YEAH! That is what I was trying to say..... I just used different words....Sugar is converted to alcohol by the yeast. A rough estimate is multiply the SG points difference by 125 to get the ABV. 5oz of priming sugar adds about .002 to the gravity of a 5gal batch and will fully ferment adding about .25% ABV. It will add the same whether you add it to the boil or add it at bottling. The only difference is you capture the CO2 in the bottle resulting in a carbonated beverage.
A small amount of corn sugar will not affect the beer much except to make it seem drier. Some belgian beers and IIPAs will use up to 10% sugar. However those beers are higher gravity beers with more malt than your average 5% ale.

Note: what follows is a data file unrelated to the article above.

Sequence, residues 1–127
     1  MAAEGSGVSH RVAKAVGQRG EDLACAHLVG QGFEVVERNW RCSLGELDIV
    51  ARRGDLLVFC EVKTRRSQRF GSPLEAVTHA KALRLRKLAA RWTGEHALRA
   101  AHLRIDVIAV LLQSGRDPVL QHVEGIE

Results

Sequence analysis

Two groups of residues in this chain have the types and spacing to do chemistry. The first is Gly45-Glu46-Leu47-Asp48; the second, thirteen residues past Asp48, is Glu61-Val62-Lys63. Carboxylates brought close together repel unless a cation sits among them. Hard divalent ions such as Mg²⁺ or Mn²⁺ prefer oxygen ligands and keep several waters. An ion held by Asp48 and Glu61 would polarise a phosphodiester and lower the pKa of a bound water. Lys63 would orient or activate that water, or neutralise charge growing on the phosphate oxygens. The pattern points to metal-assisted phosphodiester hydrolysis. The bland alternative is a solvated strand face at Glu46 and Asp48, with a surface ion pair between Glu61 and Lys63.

A better idea is to use a recipe with a higher gravity. This will have a balanced beer with more malt, more hops and more alcohol. Adding one component without other adjustments will likely throw out the balance of a beer and have a poor result.
Sounds like a reasonable thing to do if you are kegging.so, since my recipe was sent with priming sugar, I'm losing .25% alcohol by kegging instead of bottling?
What i mean is, isn't tha tpart of the recipe, so should keggers be adding the sugar to the boil to get the same result as those who bottle (adding it at the bottle)???